squeeeee

Y’all, I’m going to France.

I made a really expensive purchase. A totally selfish, 100% impulsive, “OMG what did I just do” purchase. I found this amazing retreat through one of the class instructors, and after wrestling my fleeting hesitation into submission, I booked it.

And the flight. And bought the supplies. I’m committed.

Ahhhhhhhhhh!

I hope COVID doesn’t get in the way. I hope I’m not totally out of my depth. I hope I remember how air travel works. I hope I remember how to Human.

(I hope people like me? Let’s put it out there. I hope people like me.)

It’s been almost seven months since I started a daily painting practice. This is a heck of a way to celebrate!

bar harbor, 2021

Our big family vacation got off to a rough start, as we made the difficult decision to put Stitch down the weekend before we left. I would rather have “The Sex Talk” a million times over than have to sit down with my kids and tell them we’re putting a pet to sleep, but we made it through. We figured the trip would be a good distraction from our sadness, and thankfully it was.

I haven’t been to Bar Harbor since Ellie was a baby, so about 12 years. It’s a popular Maine tourist spot on Mount Desert Island, close to Acadia National Park. We thought this time of year would be less hectic than, say, July or August; there are no inbound cruise ships due to COVID, so crowds weren’t bad.

Our room at the Bluenose Inn was set on a hill with views over Frenchman’s Bay. We had this stunning landscape to take in every morning:

The kids spent a lot of time in the pools when we weren’t out and about. Gwen continues to improve her swimming skills, while Ellie prefers to bob around in the shallow end. I brought my art kit and fiddled around with my paints while keeping an eye on the swimmers.

We didn’t plan many activities, preferring to keep things low key. We drove up Cadillac Mountain in Acadia for some great views of the surrounding island:

One of the few things I scheduled in advance was a three-hour ferry ride to see some local lighthouses and wildlife. This proved to be about 2.5 hours too long for the kids’ interests, but we did see lots of terns, puffins, and harbor seals about:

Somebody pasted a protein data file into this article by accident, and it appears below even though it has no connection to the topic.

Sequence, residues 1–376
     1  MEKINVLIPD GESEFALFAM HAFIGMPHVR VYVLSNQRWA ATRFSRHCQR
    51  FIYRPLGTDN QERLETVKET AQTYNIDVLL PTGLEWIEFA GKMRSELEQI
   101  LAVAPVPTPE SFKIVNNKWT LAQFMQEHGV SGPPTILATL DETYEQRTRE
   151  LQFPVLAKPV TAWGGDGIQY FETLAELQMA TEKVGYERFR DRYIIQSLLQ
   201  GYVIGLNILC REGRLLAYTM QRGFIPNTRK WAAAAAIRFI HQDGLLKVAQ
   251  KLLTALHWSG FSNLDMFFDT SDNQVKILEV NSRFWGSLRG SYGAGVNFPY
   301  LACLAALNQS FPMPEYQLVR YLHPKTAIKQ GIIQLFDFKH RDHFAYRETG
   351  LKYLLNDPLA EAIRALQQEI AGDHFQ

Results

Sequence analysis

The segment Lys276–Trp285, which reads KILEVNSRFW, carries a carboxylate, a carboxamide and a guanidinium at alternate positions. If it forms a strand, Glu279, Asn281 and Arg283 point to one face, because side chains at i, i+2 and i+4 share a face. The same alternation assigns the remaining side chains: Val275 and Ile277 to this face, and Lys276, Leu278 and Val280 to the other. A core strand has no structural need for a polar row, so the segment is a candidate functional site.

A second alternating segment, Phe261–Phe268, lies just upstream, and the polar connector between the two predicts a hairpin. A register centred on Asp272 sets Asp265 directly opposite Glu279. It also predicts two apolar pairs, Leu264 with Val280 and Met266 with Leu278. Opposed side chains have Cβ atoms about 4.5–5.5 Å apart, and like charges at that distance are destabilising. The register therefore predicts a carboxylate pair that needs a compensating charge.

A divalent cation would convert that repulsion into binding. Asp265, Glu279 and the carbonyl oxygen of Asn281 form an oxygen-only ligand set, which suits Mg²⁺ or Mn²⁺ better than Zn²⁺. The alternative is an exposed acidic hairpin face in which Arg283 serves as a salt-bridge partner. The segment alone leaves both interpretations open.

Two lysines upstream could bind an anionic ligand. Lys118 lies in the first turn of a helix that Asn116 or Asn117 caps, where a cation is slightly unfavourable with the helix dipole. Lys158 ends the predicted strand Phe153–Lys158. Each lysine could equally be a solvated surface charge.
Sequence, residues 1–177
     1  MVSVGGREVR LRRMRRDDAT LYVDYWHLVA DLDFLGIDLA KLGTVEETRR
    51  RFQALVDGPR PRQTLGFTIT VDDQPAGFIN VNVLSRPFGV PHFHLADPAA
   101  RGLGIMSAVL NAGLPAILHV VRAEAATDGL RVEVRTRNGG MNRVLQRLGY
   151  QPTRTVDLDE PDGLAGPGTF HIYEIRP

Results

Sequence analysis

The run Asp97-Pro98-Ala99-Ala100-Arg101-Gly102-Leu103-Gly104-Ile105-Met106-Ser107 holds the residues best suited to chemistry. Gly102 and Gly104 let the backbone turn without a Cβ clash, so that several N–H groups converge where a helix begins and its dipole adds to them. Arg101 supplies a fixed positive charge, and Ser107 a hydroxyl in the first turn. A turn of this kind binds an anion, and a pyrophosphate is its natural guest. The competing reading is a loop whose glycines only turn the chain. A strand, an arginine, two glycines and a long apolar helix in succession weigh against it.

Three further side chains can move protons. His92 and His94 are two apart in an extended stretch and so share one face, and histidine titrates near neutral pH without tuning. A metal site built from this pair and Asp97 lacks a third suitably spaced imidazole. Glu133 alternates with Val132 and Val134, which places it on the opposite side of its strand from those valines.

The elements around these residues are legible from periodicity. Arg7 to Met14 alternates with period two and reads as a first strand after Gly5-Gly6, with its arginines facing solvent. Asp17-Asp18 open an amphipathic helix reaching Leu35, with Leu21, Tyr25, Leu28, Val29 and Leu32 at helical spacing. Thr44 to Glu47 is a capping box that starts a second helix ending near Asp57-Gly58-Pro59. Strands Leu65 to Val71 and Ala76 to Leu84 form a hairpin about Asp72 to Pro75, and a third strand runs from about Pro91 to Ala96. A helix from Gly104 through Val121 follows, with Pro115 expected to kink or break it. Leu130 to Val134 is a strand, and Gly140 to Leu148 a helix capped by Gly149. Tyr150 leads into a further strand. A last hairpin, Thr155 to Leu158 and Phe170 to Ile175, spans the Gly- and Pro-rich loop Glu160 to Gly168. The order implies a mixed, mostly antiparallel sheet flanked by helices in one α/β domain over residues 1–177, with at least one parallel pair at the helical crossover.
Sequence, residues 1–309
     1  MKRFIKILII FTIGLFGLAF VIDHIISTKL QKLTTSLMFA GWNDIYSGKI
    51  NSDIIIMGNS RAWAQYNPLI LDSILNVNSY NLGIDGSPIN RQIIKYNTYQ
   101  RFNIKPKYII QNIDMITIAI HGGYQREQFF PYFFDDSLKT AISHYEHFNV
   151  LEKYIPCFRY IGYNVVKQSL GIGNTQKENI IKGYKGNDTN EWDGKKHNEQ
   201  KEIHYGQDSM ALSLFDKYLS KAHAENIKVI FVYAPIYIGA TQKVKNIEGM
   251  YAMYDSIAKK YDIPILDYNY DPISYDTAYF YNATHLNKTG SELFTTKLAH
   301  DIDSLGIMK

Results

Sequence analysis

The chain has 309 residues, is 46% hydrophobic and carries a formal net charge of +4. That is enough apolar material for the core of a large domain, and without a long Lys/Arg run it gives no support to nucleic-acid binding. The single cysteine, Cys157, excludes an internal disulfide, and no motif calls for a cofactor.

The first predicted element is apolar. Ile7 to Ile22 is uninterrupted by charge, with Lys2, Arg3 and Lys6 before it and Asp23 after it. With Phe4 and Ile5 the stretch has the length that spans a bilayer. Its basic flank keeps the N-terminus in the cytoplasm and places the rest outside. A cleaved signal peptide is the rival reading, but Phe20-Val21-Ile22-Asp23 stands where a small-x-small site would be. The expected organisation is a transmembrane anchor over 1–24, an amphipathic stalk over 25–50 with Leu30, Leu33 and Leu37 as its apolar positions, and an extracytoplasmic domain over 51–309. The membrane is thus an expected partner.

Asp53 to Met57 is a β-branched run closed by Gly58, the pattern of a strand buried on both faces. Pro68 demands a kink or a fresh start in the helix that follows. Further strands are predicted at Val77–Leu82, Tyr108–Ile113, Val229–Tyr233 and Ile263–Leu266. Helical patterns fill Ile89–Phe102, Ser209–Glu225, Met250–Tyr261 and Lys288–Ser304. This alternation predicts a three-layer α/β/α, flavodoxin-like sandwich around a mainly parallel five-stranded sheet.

We played mini golf at Pirate’s Cove and found I am still terrible at mini golf, no surprise there. The rest of the time, we wandered around Bar Harbor and shopped and ate tasty food in actual restaurants. I got a massage and wore not-sweatpants and nice blouses every day. It was a welcome return to normalcy and a nice break from…whatever it is we’ve been doing these last many months.

rest in peace, stitch

Stitch joined our family on a whim in the fall of 2002. She was the last of the litter, a tiny tuxedo spitfire who introduced herself by crawling up Tim’s shoulder and perching there, expectant, as if to say, “I’m ready, let’s go.”

She slept soundly in my lap on the 45-minute drive to our Brewer apartment; Nala was mostly Tim’s cat, and it appeared Stitch would be mostly mine. She trotted into her new home and greeted Nala by rearing up on her hind legs, asserting her dominance in one fluid motion. Nala might have been twice Stitch’s size, but that didn’t matter. “Though she be but little she is fierce.”

Stitch loved to climb. Her small frame and sharp little claws made it easy to scale the curtains and our legs. She chased laser pointers up the walls to impressive heights. At bedtime, she’d crawl under the covers and snuggle up between us, making me paranoid one of us would roll over and squash her. Even full grown, she was a tiny cat with a short, stubby tail. We called her “The Stitchenator” and decided she had plans for world domination, a la her namesake from Lilo & Stitch.

Stitch moved with us from Brewer, to Bangor, to Orono, and finally to the County. She stood by and watched disapprovingly as we adopted Pippen in 2007 (yuck), had kids (big yuck), brought that godawful dog-thing home in 2012 (torture), and adopted Ginger in 2018 (why must you torment me so?)